December 8, 2009
Boom! Hok! A Monkey Language Is Deciphered
Boom boom! (I'm here, come to me!)
Krak krak! (Watch
out, a leopard!)
Hok hok hok! (Hey, crowned eagle!)
Very good ' you
have already mastered half the basic vocabulary of the Campbell's monkey, a
fellow primate that lives in the forests of the Tai National Park in Ivory
Coast. The adult males have six types of call, each with a specific meaning, but
they can string two or more calls together into a message with a different
Having spent months recording the monkeys' calls in response to
both natural and artificial stimuli, a group led by Klaus Zuberb'hler of the
University of St. Andrews in Scotland argues that the Campbell's monkeys have a
primitive form of syntax.
This is likely to be a controversial claim
because despite extensive efforts to teach chimpanzees language, the subjects
showed little or no ability to combine the sounds they learned into a sentence
with a larger meaning. Syntax, basic to the structure of language, seemed be a
uniquely human faculty.
Still, species like gibbons and whales make
complex vocalizations in which the order of the sounds seems to have some effect
on their meaning, though it is hard to say what. Dr. Zuberb'hler's team reports
deciphering some of the Campbell's monkey's communication system in The
Proceedings of the National Academy of Sciences.
'Krak' is a call that
warns of leopards in the vicinity. The monkeys gave it in response to real
leopards and to model leopards or leopard growls broadcast by the researchers.
The monkeys can vary the call by adding the suffix '-oo': 'krak-oo' seems to be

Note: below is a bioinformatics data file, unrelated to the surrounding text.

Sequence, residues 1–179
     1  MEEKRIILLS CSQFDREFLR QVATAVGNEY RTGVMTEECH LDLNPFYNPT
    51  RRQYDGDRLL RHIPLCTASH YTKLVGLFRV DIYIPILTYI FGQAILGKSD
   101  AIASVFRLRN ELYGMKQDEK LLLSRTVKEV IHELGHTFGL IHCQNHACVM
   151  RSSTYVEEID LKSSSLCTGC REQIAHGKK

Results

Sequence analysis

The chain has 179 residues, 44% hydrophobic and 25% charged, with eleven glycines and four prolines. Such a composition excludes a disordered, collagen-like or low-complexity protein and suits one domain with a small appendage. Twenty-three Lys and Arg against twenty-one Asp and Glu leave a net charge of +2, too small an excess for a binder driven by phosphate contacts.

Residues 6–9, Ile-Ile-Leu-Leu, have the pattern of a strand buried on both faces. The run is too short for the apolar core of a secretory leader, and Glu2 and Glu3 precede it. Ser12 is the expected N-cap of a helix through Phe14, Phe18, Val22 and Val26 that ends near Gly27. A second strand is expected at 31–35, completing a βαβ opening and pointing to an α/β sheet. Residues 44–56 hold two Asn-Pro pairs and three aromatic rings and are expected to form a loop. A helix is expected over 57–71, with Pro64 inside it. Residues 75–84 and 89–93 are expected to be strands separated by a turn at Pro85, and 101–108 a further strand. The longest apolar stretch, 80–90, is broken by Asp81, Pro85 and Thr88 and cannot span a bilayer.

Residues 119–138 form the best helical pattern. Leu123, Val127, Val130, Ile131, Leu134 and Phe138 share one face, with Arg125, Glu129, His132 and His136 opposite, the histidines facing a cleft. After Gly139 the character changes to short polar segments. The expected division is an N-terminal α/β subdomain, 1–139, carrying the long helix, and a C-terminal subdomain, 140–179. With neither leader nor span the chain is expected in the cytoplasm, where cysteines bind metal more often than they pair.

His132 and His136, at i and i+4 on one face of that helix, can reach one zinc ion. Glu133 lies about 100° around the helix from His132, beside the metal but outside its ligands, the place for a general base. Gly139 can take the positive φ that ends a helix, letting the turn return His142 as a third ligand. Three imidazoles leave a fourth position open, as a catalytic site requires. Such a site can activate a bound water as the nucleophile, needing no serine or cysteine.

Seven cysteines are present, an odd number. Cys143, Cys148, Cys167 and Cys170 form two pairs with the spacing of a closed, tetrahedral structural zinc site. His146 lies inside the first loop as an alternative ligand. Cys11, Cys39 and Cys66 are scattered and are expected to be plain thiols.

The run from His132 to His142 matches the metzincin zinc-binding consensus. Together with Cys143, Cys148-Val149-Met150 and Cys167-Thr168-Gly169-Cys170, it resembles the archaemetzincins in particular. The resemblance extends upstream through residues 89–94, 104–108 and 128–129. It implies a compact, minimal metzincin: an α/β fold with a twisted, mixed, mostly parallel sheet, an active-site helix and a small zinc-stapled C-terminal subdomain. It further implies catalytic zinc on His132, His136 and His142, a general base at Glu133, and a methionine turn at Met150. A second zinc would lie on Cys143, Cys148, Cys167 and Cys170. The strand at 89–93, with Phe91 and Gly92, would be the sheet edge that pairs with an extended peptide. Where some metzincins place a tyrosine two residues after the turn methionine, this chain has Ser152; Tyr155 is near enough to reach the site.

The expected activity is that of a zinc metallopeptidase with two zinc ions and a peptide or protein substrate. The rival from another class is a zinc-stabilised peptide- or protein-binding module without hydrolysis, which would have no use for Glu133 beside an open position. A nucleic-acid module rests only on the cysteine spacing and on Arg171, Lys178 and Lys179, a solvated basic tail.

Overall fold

a general word for predator, but one given in a special context ' when monkeys
hear but do not see a predator, or when they hear the alarm calls of another
species known as the Diana monkey.
The 'boom-boom' call invites other
monkeys to come toward the male making the sound. Two booms can be combined with
a series of 'krak-oos,' with a meaning entirely different to that of either of
its components. 'Boom boom krak-oo krak-oo krak-oo' is the monkey's version of
'Timber!' ' it warns of falling trees.
There is yet another variation on
this theme, Dr. Zuberb'hler's team reports. Into the 'Timber!' call, the
Campbell's monkeys insert a series of up to seven 'hok-oo' calls. The combined
call indicates the presence of other monkey groups and is heard most often when
the monkeys are on the edge of their home range.
The meaning of monkey
calls was first worked out with vervet monkeys, which have distinct alarm calls
for each of their three main predators: the martial eagle, leopards and snakes.
But the vervets did not combine their alarm calls to generate new meanings,
unlike human words that can be combined in an infinite number of different
If the Zuberb'hler team's observations are correct, the
Campbell's monkeys can both vary the meaning of specific calls by adding
suffixes and combine calls to generate a different meaning. Their call system,
the researchers write, 'may be the most complex example of 'proto-syntax' in
animal communication known to date.'
Dr. Zuberb'hler said he planned to
play back recordings of given calls to the Campbell's monkeys and to test from
their reactions whether he had correctly decoded their messaging system.